Digital task boards are great for transparently displaying who is doing what at all times. With real-time updates, they facilitate collaboration, offer data insights, and provide much more work flexibility to the team.

To be effective, these boards need to mirror the process steps that your team follows when working on their assignments. Modern kanban software solutions, for instance, offer a rapidly growing number of custom features, integrations, and customizations that easily cover task management and allow you to focus on improving your process flow, delivery speed, etc.

With the help of team electronic task boards, you can monitor how work items are progressing and how much work is on the table for your team. This will allow you to manage the capacity of your team based on the current workload.

How to Make the Most of Your Task Board?

Putting up a visual task board is quite easy, but making the most of it - is not so much. What you’ve read so far is scratching the surface of all the value it can deliver to you and your team.

Over the years, I’ve learned from experience that visualizing your workflow is barely enough to manage your personal, team, or company assignments effectively. This is why I’ll share 3 tips for making the most of task boards' possibilities.

Tip 1. Make Your Boards Globally Available

Physical task boards are fantastic for building the habit of visualizing your work and updating its status based on progress. However, as you become more adept, you’ll start noticing some limitations. Even with contemporary communication tools, updating a physical board when all team members are dispersed will require additional effort and come with some lag, as real-time updates will be quite challenging.

On the other hand, online task boards allow you to manage your work from anywhere with an internet connection.

Most contemporary software solutions include various other added functionalities, such as workflow analytics, card dependencies, and the ability to integrate with other platforms. With their help, you’ll be able to turn your board into a globally available base of operations for your organization.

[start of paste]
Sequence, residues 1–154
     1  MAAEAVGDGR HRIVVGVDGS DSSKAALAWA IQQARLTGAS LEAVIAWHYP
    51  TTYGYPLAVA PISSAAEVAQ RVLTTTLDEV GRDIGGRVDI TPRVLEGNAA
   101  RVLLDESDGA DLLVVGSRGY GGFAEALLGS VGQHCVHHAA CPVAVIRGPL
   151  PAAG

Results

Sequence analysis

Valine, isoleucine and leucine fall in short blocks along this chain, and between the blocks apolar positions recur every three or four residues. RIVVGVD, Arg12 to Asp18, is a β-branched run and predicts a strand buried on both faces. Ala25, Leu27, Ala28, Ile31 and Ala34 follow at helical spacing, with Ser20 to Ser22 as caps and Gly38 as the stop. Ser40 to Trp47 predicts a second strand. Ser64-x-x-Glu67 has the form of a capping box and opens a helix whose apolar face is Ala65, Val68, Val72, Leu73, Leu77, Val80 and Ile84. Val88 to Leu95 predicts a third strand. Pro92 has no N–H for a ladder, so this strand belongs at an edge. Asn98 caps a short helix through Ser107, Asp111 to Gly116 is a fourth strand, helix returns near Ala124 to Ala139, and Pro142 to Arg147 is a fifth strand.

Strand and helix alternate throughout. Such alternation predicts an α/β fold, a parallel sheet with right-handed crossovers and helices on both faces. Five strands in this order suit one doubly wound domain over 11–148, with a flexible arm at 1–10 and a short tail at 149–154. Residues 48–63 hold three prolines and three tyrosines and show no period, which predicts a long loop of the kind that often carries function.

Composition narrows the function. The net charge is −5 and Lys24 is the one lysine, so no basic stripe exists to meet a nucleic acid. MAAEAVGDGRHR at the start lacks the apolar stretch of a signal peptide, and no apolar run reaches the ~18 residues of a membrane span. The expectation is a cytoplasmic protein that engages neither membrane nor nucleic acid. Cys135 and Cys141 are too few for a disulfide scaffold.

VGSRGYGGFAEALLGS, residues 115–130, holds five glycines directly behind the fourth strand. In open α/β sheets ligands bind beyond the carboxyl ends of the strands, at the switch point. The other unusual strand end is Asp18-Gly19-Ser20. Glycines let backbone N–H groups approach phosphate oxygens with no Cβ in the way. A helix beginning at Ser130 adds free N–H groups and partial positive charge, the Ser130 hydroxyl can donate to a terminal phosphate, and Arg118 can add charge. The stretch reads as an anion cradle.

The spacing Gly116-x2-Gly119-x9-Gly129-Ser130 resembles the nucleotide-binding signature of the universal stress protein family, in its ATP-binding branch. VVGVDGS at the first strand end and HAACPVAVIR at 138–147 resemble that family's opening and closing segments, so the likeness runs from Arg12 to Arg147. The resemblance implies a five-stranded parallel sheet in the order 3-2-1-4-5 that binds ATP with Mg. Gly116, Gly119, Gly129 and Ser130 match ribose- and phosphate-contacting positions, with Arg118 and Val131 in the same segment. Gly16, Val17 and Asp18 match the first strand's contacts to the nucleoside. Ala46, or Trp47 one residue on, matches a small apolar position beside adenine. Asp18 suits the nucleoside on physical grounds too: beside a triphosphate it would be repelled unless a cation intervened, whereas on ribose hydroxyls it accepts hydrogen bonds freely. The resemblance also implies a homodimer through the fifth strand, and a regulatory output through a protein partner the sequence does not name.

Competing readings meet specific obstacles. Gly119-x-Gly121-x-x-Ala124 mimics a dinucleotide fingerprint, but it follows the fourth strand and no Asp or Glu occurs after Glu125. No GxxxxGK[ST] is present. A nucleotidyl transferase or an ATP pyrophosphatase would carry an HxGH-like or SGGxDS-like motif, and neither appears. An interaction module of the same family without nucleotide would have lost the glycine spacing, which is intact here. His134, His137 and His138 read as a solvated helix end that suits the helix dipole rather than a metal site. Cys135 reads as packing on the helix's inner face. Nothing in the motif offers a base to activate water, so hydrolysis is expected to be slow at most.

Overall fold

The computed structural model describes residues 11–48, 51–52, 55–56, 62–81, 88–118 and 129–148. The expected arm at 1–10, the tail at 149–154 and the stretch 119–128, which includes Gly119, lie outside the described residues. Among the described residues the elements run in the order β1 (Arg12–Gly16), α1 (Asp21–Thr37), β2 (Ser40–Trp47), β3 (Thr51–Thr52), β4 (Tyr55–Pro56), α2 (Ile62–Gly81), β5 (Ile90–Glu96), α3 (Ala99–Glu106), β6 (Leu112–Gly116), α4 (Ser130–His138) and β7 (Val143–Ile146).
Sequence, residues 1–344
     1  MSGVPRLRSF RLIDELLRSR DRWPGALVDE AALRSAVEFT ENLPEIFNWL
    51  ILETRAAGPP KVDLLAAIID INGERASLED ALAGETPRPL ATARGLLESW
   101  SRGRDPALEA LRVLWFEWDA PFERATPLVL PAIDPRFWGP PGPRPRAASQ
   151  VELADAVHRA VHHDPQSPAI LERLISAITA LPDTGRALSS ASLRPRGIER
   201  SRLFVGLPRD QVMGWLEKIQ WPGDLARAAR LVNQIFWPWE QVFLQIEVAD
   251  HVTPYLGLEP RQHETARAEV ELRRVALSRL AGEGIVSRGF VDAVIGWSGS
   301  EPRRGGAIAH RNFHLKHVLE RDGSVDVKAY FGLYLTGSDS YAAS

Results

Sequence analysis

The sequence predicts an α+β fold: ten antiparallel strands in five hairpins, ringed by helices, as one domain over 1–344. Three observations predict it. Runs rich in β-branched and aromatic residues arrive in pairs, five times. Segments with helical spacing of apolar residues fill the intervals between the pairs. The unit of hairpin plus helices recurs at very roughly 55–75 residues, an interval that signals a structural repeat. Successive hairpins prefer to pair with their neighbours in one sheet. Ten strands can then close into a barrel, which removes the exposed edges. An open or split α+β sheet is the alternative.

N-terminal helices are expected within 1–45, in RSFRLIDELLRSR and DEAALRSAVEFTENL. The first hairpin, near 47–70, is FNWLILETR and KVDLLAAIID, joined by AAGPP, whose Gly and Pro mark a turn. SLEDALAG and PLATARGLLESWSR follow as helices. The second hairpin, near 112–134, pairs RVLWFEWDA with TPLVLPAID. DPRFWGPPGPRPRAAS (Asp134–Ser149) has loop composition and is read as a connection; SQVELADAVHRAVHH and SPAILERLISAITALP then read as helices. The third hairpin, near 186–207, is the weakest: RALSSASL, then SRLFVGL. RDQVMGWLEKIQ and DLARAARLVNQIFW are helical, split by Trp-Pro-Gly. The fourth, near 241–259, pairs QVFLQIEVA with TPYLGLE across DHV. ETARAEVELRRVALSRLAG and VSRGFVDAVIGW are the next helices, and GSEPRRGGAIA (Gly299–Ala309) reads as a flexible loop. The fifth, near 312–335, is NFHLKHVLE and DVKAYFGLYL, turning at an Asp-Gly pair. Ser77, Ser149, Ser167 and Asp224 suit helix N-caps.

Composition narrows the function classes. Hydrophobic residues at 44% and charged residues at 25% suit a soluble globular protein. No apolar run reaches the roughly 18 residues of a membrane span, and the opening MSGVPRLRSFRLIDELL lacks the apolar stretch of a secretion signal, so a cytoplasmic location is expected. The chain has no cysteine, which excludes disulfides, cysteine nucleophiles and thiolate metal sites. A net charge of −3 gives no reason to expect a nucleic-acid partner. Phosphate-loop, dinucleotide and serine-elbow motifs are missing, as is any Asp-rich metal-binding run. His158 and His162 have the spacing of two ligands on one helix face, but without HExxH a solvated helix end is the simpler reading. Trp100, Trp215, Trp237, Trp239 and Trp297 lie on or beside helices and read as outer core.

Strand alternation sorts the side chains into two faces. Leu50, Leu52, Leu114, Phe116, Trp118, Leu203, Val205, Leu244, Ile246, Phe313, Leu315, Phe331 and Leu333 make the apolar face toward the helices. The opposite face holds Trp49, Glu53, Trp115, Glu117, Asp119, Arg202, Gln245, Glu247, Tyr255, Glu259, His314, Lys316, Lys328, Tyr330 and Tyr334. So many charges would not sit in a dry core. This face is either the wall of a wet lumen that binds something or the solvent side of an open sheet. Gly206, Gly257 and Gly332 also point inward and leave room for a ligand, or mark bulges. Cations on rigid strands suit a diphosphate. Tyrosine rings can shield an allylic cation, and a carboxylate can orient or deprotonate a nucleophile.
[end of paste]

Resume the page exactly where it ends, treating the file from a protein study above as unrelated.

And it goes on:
Tip 2. Match Your Task Board Layout to Your Process

To make the most of your team board, consider the specific steps of your team’s process. Afterward, map them on the board in a way that tells you more about their status than their progress.

Map your task board to your process

Visualizing a work process using a team work management board

For example, a typical software development board would have the following columns:

  • Tech Design
  • Coding
  • Testing

You can even draw horizontal lines across your board to build swimlanes to distinguish between different priorities, types of work, etc.

Kanban board with mapped swimlanes

Online work management board with mapped process steps and types of work

Tip 3. Turn Your Task Board into a Tool for Improvement with Kanban

As I mentioned earlier in this article, most task board layout templates that you’ll find available were inspired by the visual boards used in the Kanban method. This is not a coincidence, as the method relies heavily on visualization to achieve continuous process improvement leading to evolutionary organizational change.

Putting up a task board will help you see what you’ve got going on and what awaits in your backlog. Implementing it in combination with the rest of the kanban practices will help you manage your workflow in an increasingly efficient way and achieve continuous improvement.

Following this logic, I encourage you to start slowly if you have no experience using Kanban boards. It is wise to begin with a simple board that mirrors exactly your work process. This way, you and your team can see the benefits of using Kanban boards and avoid internal resistance.

Task Boards: A Good Starting Point

Task boards are fantastic tools for visualizing your work. They are by far superior to any “To-Do” list, as boards provide a more comprehensive perspective on managing your tasks.

Starting with a physical whiteboard is a good way to build a habit of keeping your task board up to date, but in time you may need some of the added functionalities of online task board solutions.

Last but not least, don’t rush to complicate your task board until you understand the dynamics of managing a complex process and have given your team enough time to get comfortable visualizing their work. Kanban can be a great ally on that mission!



Project Management

Alex Novkov

Alex Novkov

Content Lead

Energetic and practical, passionate about social media, creative writing, heavy weights, and outdoor activities.